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Pabitra Mukhopadhyay

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What leads us to decide?

We need to take decisions in life almost every day. In work or outside of it, life takes us on crossroads where decisions are necessary, without which we cannot move on. It is in these situations we take decisions and we believe that the decisions are independently taken, weighing pros and cons and utilizing our best judgments.

That may not be the case. Our decisions may not be as individualistic as we normally think. Our judgments may not be the best under the circumstances. We are often influenced by authority that comes from an expert or an institution or even a belief system but all of which, either solely or in combination are relied on as of authority. Yale University Psychologist Stanley Milgram, in 1963 published his research paper which measured the willingness of study participants to obey an authority figure who instructed them to perform acts that conflicted with their personal conscience. They went on to impart lethal doses of electricity (as they believed to do) to some other participants just because they were deciding under authority. There are interesting videos available in Youtube which you can check.

We can project this authority beyond science. Religion is one. Market in another. Media is yet another. From small to profound we rely on authority almost obsessively for making decisions and yet think that our decisions are free and independent. If we need a reference for making decision, we should be seeking help from authenticity and not authority and they are different. Authority is beyond question, it regulates where as authenticity is free to be tested and it creates trust.

What leads us to decide – authority or authenticity?

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Closing Statement from Pabitra Mukhopadhyay

It seems that we take help of both authority and authenticity to decide things. It may not even be an either/or choice as the question seeks to see decision making as. At times we can find authority and authenticity merging and at other times, at the very fringes of human choice the decision making may be so spontaneous that our sub-conscious plays a vital role. Moreover, our decision making process works over a range of our faculty, our brain conserves resources/neuronic energy while decision making.

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    Apr 6 2013: well, I would first have to share my definition of authority. I think it is rules and laws we must abide by to insure any type of social order.... run a red light, you get a ticket, pay your electric bill on time or live in the dark, do physical harm to another, there are consequences. this is what I would call legitimate authority because as a whole, we all agree (well almost everyone) they are justified. so many decisions I make in my daily life are based on legitimate authority and admittedly, I simply do not want to deal with the repercussions if I did not.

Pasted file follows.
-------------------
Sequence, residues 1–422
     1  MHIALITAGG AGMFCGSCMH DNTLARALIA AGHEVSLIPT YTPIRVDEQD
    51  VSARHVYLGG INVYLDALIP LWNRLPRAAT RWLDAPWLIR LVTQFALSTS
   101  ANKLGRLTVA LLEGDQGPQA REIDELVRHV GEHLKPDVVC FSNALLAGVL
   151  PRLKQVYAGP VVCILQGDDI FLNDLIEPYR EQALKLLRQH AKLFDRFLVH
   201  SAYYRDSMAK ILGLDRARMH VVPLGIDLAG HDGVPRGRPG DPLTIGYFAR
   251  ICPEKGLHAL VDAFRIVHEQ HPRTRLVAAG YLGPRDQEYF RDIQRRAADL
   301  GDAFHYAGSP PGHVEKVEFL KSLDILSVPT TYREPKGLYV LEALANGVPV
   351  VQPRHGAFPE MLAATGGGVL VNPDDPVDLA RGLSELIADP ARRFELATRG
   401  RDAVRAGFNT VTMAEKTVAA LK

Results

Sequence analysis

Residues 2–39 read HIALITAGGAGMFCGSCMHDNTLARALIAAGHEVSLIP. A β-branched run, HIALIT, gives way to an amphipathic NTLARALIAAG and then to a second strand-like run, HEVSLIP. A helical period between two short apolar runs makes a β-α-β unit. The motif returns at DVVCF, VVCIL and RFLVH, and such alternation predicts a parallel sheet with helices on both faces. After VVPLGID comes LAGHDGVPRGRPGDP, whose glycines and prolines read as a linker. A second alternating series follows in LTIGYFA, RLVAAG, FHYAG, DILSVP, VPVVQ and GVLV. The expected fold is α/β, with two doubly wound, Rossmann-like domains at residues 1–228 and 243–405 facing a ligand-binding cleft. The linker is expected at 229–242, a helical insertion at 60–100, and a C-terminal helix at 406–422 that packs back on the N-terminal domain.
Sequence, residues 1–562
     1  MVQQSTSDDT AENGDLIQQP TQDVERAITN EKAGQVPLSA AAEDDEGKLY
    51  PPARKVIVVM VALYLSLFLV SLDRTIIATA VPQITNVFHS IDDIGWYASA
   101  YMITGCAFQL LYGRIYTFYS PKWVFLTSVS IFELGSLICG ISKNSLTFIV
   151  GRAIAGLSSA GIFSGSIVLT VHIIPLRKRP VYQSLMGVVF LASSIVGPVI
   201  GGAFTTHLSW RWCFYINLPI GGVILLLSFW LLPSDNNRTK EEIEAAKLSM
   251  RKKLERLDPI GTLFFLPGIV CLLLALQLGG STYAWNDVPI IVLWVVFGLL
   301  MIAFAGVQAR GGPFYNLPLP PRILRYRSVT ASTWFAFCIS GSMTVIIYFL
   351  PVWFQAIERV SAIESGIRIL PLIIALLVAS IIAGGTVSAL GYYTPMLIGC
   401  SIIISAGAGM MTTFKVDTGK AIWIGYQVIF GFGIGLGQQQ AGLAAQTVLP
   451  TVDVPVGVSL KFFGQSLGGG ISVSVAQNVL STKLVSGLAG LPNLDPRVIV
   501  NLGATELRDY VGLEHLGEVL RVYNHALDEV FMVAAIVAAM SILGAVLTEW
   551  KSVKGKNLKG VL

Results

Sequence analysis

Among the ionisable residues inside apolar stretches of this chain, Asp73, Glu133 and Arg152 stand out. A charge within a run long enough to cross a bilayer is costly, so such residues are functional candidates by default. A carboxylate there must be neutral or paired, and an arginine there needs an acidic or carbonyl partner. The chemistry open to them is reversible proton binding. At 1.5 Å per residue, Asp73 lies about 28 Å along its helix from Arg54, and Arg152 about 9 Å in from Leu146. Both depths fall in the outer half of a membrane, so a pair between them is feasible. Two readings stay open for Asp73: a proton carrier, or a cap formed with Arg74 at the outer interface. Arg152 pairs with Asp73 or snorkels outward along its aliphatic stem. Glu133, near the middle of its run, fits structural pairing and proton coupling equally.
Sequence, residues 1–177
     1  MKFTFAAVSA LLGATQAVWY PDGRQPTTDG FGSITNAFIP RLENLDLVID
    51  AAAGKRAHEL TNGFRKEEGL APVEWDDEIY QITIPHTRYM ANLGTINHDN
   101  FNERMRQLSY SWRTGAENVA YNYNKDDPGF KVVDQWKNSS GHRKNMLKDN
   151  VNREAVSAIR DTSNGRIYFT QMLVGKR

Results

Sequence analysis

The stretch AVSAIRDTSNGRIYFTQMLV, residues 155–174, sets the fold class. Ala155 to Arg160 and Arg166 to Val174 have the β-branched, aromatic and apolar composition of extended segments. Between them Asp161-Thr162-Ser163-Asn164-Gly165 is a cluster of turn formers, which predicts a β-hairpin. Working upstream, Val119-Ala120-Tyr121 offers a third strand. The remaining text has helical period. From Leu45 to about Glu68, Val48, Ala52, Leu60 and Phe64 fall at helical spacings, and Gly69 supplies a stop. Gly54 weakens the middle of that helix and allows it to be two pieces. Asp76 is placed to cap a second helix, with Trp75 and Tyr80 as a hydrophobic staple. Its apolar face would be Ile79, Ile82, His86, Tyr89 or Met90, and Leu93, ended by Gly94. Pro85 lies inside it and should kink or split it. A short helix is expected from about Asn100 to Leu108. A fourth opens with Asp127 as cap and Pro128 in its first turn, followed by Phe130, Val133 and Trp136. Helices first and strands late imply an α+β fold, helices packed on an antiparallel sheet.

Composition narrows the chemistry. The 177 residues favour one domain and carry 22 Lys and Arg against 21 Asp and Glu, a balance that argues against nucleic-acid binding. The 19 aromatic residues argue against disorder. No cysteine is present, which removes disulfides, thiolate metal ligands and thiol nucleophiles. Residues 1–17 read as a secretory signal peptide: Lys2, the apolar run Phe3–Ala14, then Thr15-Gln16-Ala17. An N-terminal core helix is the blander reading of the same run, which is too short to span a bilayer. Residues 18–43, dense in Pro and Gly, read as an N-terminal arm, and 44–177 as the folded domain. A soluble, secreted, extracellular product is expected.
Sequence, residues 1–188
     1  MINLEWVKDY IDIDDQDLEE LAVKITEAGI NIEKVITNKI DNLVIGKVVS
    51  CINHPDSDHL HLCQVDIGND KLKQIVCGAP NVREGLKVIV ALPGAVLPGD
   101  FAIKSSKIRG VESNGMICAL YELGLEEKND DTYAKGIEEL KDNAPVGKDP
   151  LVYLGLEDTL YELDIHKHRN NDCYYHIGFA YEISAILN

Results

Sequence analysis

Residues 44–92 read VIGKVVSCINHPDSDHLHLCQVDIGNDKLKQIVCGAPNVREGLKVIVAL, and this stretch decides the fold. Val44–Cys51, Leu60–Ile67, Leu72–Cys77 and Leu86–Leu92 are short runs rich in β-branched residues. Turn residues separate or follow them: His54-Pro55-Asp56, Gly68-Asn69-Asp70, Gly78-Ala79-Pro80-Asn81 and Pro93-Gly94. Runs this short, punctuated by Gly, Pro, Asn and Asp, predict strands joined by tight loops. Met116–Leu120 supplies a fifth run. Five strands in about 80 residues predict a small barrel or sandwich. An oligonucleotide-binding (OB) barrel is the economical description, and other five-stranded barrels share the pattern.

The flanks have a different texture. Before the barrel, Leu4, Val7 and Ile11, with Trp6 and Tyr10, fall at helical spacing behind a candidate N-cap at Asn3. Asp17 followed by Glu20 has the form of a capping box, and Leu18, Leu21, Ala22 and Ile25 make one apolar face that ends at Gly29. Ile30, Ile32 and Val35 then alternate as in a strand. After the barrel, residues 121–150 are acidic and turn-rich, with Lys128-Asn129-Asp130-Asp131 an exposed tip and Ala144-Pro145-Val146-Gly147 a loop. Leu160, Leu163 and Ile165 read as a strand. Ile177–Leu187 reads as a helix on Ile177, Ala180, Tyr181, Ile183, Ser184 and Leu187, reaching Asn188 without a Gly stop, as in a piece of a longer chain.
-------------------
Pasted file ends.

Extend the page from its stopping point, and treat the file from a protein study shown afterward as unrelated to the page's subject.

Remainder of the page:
an authentic decision is my freedom of choice, it speaks to my character, my spirit. I don't care who you proclaim to be or what by what authority you speak from, I am not "performing imparting lethal doses of electricity on another". do what you will to me. Religion, the market place and media, points of reference only. Given much thought, some I'll keep but, most I throw out.
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      Apr 6 2013: Mary, have you seen the Milgram experiment videos? Here are some links.
      http://www.youtube.com/watch?v=BcvSNg0HZwk&feature=player_embedded
      http://www.youtube.com/watch?v=IzTuz0mNlwU&feature=player_embedded
      http://www.youtube.com/watch?v=CmFCoo-cU3Y&feature=player_embedded

      I think it's very difficult at times to know which authority is legitimate and which not.
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        Apr 6 2013: ok Pabitra I watched them. surely this question speaks to each, individually. No way am I going to submit any human being to a shock which is punishing another for a wrong answer, for that matter anything.
        White lab coats, clipboards, a" laboratory" environment, not impressed. With the first introduction to this experiment I would have said a polite "no thank you gentleman. surely there are many ways to enhance ones memory without conflicting pain. call me when you figure it out"
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          Apr 6 2013: That's great Mary, but I am afraid that's not a convincing answer for my question. Milgrams's experiment was not devised to inflict pain on others, all the participants except the targeted were trained actors and the subjects were made to believe they are inflicting electric shock for a legitimate scientific study. They were assured by the scientists (actors actually), who are authority figures, that this experiment should continue and these target subjects went on to obey to differing levels of electric shocks, some of which went clearly in to lethal threshold.
          The legitimate authority you mentioned that make us believe that running a light is to end up getting a ticket is dubious. We have a check and balance mechanism in law. If doing harm to other is sure to have unfavorable consequences, there would not have been wars.
          Fine you will not fall into that trap but do you believe none will? Do you believe authorities like this do not push us to decide forsaking our intuitive sense of right and wrong?

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